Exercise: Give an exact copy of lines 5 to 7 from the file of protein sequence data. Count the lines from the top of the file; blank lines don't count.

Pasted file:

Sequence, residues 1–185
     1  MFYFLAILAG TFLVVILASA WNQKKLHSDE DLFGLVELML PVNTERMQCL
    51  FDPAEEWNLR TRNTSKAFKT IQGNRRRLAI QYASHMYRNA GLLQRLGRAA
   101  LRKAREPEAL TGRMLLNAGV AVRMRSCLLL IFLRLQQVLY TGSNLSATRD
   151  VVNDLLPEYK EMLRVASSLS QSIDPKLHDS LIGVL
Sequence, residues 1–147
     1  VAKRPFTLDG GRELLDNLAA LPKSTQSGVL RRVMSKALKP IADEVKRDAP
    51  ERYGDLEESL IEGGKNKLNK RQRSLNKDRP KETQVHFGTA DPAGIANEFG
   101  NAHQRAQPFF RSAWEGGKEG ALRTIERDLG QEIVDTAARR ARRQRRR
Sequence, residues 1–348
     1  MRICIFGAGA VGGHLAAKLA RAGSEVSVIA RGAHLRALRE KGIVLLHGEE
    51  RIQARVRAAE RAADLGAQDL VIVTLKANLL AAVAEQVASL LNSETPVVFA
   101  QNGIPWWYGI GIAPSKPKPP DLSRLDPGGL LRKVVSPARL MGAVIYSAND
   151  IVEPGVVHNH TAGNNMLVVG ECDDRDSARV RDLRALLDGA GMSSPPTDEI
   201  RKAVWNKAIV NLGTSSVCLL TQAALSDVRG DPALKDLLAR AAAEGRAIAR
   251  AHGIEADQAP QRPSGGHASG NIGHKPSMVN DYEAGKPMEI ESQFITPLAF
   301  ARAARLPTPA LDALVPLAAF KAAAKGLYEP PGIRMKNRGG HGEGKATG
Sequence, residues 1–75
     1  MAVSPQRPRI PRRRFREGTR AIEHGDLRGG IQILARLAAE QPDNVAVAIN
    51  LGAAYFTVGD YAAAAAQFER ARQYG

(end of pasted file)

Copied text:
   151  VVNDLLPEYK EMLRVASSLS QSIDPKLHDS LIGVL
Sequence, residues 1–147
     1  VAKRPFTLDG GRELLDNLAA LPKSTQSGVL RRVMSKALKP IADEVKRDAP